Cloos Guide: Top 5 Summer Cocktails
How about a delicious Moscow Mule? Or maybe a classic Whiskey on the Rocks? Whatever you have a taste for this summer, we have everything you need to get the summer party rolling. All in the Cloos Style.
The Old Fashioned is considered one of the oldest, if not THE oldest cocktail ever. It dates back to the 18th century and has been modified dozens and hundreds of times since then. What has always remained the same: the combination of sugar, water, spirits and bitters. When it was first created, the Old Fashioned was simply called a whiskey cocktail. The recipe for an Old Fashioned is simple: whiskey, sugar, bitters, orange peel, ice. Stir a little, and you're done. At least, that's what you'd think. But in fact, even professional bartenders argue about how to properly prepare the forefather of all cocktails, whether you need/should/don't garnish it with an orange slice and a cherry, and which whiskey belongs in it. We have tested the most common recipes.
6 cl whisky
0,5 cl sugar syrup
3 dashes of Angostura Bitters
Orange (from which the zest)
Fill a mixing glass with ice. Pour in whiskey, syrup and Angostura Bitters and stir for about 1 minute. Strain into a tumbler with fresh ice. Spritz with an orange zest and garnish. Drink and enjoy!
The bartender Dick Bradsell invented the cocktail in the early 80s - a model, still unnamed but according to Bradsell now world-famous, entered his bar and wanted a drink "who will wake me up and fuck me up". For anyone who needs a translation for that: the lady wished she was awake and stupid. It's a nice story, an uncomplicated one. And those who drink this drink for the same reasons as the model don't have to worry too much - those who focus on pleasure do. Those who drink an espresso martini want coffee flavour in their mouths - we see the vodka merely as a boozer, an alcoholic filler. If you want something closer to a real martini with this drink, you won't get much out of this mix. For whom the coffee notes are the star, should therefore rather go for more liqueur and espresso. However, do not reduce the vodka any further - this makes the cocktail a little too soft, too mild and it almost tastes like cold coffee.
4 cl vodka
4 cl coffee liqueur
4 cl espresso
Pour all the ingredients into a shaker over ice. Shake until you are afraid that the ice will break the shaker. Strain into a frosted martini glass or coupette. Drink and enjoy!
It is one of our absolute favourite drinks: the gin and tonic. It has to be iced and refined with cucumber or grapefruit juice. It was considered the Queen Mum's favourite drink and after its reputation had become somewhat dusty for many years, it is now returning to all bars as a trendy drink - the gin & tonic. Its composition is naturally reflected in its name: the drink consists of the spirit gin and tonic water containing chinine. It was first mixed by the British in the former British colony of India. The name distinguishes the connoisseur from the philistine: Gin and Tonic is what connoisseurs call it, Gin Tonic exposes the layman.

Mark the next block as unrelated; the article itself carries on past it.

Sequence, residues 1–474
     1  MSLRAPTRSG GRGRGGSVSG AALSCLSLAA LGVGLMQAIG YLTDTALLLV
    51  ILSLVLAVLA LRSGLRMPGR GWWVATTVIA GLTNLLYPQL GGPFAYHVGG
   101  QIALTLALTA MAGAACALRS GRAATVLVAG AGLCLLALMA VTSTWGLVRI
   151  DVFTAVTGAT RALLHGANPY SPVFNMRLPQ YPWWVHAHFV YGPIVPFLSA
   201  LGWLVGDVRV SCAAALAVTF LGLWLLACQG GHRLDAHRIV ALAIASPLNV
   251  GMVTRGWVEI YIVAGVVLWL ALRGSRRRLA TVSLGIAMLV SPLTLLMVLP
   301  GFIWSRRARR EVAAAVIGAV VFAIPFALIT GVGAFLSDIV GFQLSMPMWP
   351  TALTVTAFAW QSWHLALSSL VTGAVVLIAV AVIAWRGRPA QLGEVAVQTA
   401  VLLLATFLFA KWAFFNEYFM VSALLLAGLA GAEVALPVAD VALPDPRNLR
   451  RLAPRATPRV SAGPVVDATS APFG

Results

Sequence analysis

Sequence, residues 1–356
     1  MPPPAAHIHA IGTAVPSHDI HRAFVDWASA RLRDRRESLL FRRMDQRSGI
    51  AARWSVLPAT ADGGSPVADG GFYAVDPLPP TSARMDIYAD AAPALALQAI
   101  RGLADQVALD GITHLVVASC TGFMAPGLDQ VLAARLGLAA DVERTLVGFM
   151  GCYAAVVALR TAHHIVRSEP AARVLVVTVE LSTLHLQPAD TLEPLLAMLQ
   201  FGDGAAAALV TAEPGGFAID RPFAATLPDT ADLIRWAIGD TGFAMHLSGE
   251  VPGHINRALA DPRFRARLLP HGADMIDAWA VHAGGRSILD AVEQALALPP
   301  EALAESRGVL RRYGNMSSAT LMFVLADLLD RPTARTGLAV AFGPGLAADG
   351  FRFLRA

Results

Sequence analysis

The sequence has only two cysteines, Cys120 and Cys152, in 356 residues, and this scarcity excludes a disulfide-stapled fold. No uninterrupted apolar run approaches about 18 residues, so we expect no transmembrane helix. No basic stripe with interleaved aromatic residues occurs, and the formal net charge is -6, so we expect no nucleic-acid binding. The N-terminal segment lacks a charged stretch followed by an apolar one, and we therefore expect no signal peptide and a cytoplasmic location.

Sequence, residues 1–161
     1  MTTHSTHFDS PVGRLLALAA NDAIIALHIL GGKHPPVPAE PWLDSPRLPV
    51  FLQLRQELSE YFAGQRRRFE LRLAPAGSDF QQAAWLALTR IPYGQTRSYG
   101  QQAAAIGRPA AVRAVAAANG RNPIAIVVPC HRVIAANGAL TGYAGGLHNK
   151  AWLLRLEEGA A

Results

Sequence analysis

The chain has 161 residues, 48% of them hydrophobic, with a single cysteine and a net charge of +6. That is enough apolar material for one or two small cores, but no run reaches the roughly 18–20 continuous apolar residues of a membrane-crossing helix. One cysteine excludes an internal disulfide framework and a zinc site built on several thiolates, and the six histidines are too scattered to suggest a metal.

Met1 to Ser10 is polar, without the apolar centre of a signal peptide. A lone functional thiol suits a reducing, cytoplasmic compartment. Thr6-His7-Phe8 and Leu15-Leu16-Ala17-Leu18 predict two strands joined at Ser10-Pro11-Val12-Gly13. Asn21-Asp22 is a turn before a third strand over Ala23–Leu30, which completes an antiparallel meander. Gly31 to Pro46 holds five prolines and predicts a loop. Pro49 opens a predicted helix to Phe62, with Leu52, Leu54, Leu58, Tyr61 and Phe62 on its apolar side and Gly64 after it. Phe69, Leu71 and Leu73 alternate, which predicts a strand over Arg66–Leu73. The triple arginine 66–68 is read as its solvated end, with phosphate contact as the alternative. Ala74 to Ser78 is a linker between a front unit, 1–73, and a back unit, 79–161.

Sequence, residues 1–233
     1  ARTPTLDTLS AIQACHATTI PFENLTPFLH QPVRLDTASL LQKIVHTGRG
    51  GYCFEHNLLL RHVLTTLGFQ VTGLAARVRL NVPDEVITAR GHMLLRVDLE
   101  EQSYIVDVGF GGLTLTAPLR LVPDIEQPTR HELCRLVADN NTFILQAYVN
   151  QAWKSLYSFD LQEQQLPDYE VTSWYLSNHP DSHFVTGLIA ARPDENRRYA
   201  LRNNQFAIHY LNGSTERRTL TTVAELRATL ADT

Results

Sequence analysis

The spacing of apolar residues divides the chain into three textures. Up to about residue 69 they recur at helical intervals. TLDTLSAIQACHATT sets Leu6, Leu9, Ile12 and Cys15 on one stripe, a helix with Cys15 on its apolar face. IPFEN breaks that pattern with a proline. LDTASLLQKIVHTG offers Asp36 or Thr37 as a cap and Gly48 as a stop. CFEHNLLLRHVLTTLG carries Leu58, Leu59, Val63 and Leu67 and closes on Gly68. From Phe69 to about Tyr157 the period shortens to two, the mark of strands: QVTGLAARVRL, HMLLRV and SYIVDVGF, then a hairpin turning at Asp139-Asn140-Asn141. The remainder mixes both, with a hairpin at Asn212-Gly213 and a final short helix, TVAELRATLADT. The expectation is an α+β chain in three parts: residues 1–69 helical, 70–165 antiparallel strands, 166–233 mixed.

4 cl Gin
Tonic water Lemon or lime (depending on taste, also herbs, spices, fruits etc.)
Pour the gin into the glass. Then open the bottle of tonic water (only just before use to preserve the carbonic acid). Slowly pour the tonic water into the drinking vessel so that as little carbon dioxide as possible escapes. Now slowly fill the glass to the brim with ice cubes. Stir carefully with a cocktail stick. Finally, garnish the rim of the glass with a slice of lemon or lime, or optionally add the fruit slice to the glass. If desired, you can refine the drink with cucumber or a dash of grapefruit juice.
Insider tip: Add a pinch of freshly ground pepper to the drink.
In the development of this cocktail there are many beautiful parallels between Germany and the USA: In the States this delicious drink was popularized in the 1940s to boost sales of exactly three things: vodka, ginger beer and copper mugs. A manager of the company that had just acquired the Smirnoff Vodka brand met a pub owner who wanted to sell his ginger beer, and somewhere there was a woman who wanted to get rid of copper mugs. While in the 2000s you couldn't get a Moscow Mule anywhere (and if you did, it was with ale), nowadays no bar can do without one.
6 cl vodka
12 cl Ginger Beer
1,5 cl lime juice 3 cucumber slices (optional)
Mint (optional, recommended
Place ice cubes in copper mug. Pour in lime juice and vodka. Top with ginger beer. Garnish with mint and cucumber. Drink and enjoy!
Whiskey on the Rocks
A whisky "on the rocks" is the decidedly cool option for hot days and simply refreshing drinking pleasure. What sounds so urbane, like a natural pastime around a campfire, in an alpine log cabin, or on a rocky lakeshore, is bourbon, rye whiskey, or Scotch blend poured into a glass over ice cubes. The cold affects the taste. It numbs the taste buds and suppresses flavors, which is why chilled whiskey appears smoother. By the way, the "rocks" were actually in the glass long before the invention of freezers. For cooling purposes, river pebbles from the ice-cold streams and rivers of Scotland are said to have been placed inside. A trend that is being picked up again these days. Cooling stones made of granite, soapstone or stainless steel are offered, which are freeze-cooled and placed in the glass. So the whiskey can be drunk chilled but undiluted.
Whiskey of your choice
Put some ice cubes into a short glass and pour the whiskey over it. If you like the drink less strong, fill up the glass with soda water. Drink and enjoy.